Sarah Giarrusso, Investment Strategist at Tilney Smith & Williamson, the wealth management and professional services group, comments on the latest UK GDP data:
UK real monthly GDP rose 0.6% in September relative to consensus expectations of 0.4%. The annualised rate was 5.3%, down from the August figure of 6.9%. The ONS stated GDP is 0.6% below the pre-pandemic level. The services sector printed a 0.7% monthly rise, whereas the year-on-year figure came in at 5.7%. Industrial production surprised on the downside and slowed even further than expected falling 0.4% for the month relative to consensus expectations of a 0.2% increase.
The September annualised GDP figure slumped slightly from the previous month’s reading as a number of economic constraints were exacerbated. Labour shortages and supply chain disruptions remain the biggest headwinds to businesses. According to CBI survey data manufacturing businesses are being hit especially hard by the labour shortages. This data is at its highest level since 1975 with net balance of 36% of businesses reporting this as a limiting factor. Whereas services businesses are less affected with 19% reporting labour shortages limiting their business. Data from the ONS also reflects this, showing job vacancies at their highest level since their data began in 2002.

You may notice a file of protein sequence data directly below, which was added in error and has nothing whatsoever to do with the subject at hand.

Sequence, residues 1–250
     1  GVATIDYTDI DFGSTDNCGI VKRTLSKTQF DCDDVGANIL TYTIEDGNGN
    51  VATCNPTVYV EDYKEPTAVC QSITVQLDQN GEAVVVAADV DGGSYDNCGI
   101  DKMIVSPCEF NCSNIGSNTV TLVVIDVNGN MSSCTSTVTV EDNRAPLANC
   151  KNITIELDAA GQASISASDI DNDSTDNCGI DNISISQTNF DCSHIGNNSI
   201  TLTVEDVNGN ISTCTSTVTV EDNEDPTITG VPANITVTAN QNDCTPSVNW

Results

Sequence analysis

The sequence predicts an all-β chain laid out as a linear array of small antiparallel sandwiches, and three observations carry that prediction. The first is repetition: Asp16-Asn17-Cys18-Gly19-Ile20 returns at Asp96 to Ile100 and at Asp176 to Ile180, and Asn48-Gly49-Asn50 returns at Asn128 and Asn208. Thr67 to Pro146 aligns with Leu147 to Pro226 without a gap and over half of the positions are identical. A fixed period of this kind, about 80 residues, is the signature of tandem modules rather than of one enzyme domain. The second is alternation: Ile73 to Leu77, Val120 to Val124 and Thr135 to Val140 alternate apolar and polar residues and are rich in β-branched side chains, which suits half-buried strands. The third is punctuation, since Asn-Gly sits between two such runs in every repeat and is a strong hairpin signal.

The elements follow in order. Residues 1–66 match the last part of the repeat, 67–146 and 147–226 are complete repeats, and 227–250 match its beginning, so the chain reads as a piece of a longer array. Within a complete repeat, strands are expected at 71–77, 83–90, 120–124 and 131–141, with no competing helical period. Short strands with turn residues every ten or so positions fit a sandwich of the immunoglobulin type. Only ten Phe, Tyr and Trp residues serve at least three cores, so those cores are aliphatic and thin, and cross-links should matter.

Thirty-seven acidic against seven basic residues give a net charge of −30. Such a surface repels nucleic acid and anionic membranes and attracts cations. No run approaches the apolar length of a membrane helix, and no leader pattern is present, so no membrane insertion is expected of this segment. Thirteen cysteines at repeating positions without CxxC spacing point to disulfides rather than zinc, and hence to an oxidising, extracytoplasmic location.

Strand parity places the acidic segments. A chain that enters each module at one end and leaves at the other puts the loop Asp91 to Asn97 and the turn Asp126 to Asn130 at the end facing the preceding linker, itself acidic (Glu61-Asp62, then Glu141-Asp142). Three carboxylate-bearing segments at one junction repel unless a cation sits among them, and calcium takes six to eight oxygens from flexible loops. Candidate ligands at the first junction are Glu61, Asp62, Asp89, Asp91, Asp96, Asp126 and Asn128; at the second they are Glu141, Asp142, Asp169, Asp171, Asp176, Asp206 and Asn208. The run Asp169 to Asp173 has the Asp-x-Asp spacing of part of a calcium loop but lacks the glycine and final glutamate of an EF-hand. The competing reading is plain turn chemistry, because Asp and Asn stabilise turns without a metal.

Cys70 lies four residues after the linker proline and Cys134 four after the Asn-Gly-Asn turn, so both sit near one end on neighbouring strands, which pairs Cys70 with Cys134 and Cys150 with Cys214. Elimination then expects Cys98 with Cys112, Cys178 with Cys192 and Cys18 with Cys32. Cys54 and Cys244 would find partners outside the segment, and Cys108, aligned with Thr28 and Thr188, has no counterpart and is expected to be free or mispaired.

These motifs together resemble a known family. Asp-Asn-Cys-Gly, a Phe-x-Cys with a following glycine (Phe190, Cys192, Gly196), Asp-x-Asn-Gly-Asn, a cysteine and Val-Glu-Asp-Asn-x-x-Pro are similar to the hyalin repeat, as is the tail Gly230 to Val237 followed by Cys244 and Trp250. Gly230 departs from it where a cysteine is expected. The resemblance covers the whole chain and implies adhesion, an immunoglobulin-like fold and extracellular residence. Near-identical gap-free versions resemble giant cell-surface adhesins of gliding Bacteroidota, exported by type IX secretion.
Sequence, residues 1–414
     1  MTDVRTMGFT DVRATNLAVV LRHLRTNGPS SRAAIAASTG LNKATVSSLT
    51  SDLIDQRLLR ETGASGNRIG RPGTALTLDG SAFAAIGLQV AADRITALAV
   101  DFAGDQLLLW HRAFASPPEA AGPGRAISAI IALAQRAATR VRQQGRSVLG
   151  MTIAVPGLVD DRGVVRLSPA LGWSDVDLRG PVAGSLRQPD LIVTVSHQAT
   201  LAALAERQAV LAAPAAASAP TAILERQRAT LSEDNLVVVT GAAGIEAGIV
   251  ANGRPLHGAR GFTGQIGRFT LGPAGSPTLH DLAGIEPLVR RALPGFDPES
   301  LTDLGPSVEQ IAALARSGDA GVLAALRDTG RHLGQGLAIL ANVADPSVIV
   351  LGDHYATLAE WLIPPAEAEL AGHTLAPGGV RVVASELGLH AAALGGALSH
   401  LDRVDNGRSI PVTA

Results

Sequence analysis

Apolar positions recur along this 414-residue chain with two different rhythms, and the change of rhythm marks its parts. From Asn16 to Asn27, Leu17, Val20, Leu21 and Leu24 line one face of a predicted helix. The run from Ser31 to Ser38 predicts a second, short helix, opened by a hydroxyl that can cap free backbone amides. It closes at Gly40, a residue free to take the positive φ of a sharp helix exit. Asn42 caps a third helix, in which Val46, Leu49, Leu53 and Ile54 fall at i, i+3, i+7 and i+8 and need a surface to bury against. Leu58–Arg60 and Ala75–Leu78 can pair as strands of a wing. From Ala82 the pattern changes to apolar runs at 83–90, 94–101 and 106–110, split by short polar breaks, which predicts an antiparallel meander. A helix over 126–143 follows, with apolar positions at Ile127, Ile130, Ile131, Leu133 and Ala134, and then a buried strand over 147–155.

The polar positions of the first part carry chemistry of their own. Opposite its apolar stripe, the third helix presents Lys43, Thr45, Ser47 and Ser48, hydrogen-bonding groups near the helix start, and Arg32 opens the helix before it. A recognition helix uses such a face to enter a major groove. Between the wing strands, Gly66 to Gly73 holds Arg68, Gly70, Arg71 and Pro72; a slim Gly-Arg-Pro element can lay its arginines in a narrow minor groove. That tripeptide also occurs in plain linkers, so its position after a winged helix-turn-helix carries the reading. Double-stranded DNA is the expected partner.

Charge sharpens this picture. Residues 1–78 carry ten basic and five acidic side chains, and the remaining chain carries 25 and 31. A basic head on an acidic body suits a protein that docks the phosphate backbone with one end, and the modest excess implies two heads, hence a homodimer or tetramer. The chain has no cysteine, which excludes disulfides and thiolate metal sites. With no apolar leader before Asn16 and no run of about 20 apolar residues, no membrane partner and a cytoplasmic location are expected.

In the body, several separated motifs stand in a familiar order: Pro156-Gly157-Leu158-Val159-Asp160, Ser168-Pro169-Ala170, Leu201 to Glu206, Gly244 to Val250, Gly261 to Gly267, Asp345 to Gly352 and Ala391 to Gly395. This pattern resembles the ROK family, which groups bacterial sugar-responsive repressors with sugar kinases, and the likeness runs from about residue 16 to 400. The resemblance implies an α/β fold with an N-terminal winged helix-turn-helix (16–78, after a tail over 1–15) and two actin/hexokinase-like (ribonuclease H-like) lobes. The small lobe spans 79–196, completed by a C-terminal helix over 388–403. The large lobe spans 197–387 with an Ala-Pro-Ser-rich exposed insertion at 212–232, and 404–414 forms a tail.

Supply chain disruptions are lasting longer than had been expected. The same CBI survey data revealed a net balance of 64% of businesses reporting lack of material and equipment as a limiting factor. Given these constraints are a result of the global pandemic, we would expect these factors to be transitory in nature and for their effects to ease over the coming months.
Despite these headwinds, UK GDP for 2021 is likely to show 7% growth and market consensus estimates for 2022 showing a still-strong 5% increase. Estimates from the Bank of England project that in Q1 2022 UK GDP will return to its pre-pandemic Q4 2019 level. We therefore think it unlikely the UK is heading into a stagflationary environment of low growth and high inflation in the near term.